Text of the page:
- The Washington Times - Friday, July 14, 2000

CHICAGO Katy Prendergast doesn't care what goes on inside her computer, and she has no grand thoughts about a high-paying technology job.
The only reason the high school junior signed up for an introductory computer-programming class was to get another credit toward graduation. She got a B, but still would rather leave the technical work to others.
"It's tough work getting it to work exactly correctly, and it's frustrating because one misspelled word and you can't get it to work," Katy said recently at Mother McAuley Liberal Arts High School.
Experts say an alarming number of girls feel the way Katy does: Fewer than one-third of computer-science degrees are awarded to women at a time when technology companies are begging for highly skilled employees.
"Since women are half the work force and so few go into computers, we're on the brink of disaster here," said Linda Scherr, chairwoman of IBM's Women in Technology program. "There will be companies that go out of business because they can't hire the skills they need. The manpower or woman power is going to be the major challenge."
A recent report by the American Association of University Women concluded that girls are turned off by technical careers they view as full of geeky guys in windowless offices who toil at keyboards for hours.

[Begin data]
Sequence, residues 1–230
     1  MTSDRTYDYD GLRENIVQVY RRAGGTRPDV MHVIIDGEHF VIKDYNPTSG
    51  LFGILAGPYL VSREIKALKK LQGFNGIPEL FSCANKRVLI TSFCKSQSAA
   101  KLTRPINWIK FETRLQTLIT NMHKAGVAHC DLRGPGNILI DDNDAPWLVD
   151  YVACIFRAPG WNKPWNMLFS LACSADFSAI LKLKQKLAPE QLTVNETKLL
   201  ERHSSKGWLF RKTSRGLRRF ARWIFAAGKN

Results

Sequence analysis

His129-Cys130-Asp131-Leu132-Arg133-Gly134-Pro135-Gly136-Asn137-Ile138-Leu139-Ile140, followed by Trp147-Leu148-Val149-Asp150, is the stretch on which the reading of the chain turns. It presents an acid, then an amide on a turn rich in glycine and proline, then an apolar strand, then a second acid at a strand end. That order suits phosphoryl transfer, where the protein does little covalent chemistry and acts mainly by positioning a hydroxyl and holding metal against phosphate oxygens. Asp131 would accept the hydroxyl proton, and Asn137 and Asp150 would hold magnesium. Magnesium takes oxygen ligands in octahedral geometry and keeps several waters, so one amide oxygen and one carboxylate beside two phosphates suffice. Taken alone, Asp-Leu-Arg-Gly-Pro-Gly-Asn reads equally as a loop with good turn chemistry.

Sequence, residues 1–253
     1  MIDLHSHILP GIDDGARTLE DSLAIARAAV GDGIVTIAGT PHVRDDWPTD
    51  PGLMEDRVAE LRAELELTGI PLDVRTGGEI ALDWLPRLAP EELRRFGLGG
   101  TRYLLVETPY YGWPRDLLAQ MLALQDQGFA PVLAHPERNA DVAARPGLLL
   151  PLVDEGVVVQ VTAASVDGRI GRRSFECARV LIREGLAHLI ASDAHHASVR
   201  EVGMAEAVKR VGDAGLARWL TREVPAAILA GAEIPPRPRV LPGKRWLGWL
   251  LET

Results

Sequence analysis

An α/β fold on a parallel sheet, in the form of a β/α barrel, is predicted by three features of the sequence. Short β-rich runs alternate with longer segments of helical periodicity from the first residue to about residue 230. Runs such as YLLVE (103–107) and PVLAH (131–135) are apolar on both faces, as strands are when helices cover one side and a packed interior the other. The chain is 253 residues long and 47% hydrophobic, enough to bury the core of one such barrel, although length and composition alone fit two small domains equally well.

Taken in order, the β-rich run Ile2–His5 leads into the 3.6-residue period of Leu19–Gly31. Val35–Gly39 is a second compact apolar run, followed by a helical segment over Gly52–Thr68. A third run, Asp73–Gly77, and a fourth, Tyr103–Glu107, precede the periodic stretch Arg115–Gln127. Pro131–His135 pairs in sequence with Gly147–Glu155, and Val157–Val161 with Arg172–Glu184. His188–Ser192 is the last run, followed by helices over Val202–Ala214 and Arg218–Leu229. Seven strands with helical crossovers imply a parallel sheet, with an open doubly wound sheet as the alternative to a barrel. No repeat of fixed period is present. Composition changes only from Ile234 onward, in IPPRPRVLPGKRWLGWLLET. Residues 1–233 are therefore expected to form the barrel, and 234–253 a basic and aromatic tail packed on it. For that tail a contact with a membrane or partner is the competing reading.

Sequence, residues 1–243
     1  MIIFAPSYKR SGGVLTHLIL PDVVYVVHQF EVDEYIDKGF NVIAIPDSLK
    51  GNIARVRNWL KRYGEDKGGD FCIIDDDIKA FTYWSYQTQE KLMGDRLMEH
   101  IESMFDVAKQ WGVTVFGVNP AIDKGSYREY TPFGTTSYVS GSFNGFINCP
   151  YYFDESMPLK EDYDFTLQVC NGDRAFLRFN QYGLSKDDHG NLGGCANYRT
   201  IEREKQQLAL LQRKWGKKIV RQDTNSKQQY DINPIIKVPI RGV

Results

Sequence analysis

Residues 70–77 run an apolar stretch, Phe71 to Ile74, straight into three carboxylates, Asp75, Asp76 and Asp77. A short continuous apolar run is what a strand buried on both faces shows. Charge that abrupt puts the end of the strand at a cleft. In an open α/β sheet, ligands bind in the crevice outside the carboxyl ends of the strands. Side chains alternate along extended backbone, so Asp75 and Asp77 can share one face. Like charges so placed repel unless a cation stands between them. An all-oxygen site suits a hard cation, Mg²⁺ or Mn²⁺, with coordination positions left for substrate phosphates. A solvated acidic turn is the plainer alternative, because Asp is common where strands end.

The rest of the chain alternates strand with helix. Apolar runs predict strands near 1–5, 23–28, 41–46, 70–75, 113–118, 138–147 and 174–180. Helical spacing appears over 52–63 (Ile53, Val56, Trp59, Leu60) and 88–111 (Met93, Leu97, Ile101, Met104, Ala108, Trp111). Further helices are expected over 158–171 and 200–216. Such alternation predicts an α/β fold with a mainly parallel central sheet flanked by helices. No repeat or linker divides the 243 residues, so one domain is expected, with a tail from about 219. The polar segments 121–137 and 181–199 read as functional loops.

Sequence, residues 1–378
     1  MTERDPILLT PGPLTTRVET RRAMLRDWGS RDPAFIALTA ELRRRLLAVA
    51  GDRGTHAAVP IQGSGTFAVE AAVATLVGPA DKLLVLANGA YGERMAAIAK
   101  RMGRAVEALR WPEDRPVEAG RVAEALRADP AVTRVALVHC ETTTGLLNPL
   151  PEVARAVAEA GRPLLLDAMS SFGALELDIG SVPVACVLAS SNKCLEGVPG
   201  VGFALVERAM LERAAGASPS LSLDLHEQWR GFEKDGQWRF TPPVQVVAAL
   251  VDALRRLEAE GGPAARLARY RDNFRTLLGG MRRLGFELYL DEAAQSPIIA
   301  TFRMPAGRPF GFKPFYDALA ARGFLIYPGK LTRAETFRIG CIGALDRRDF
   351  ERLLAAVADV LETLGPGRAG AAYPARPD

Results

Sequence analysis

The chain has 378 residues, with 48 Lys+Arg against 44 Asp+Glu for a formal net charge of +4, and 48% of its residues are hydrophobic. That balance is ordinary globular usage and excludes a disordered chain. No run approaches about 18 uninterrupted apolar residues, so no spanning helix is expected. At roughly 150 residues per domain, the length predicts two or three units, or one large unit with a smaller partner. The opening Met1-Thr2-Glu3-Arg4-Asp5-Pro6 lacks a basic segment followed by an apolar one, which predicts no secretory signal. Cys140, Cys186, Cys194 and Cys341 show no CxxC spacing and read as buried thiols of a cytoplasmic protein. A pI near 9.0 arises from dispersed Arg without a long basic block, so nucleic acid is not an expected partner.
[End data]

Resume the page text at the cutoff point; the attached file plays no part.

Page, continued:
As a result, women take themselves off the path to jobs in the computer industry while failing to learn skills that could give them an advantage in careers that use computers.
Girls do keep up with boys when it comes to using computers for leisure activities like surfing the Internet and sending e-mail, said Pam Haag, director of research for the AAUW educational foundation.
"The problem area is they are underrepresented in computer classes, as network engineers, software developers areas that are growing," Miss Haag said. "The areas where technology is being designed and created is where we see a dearth of women."

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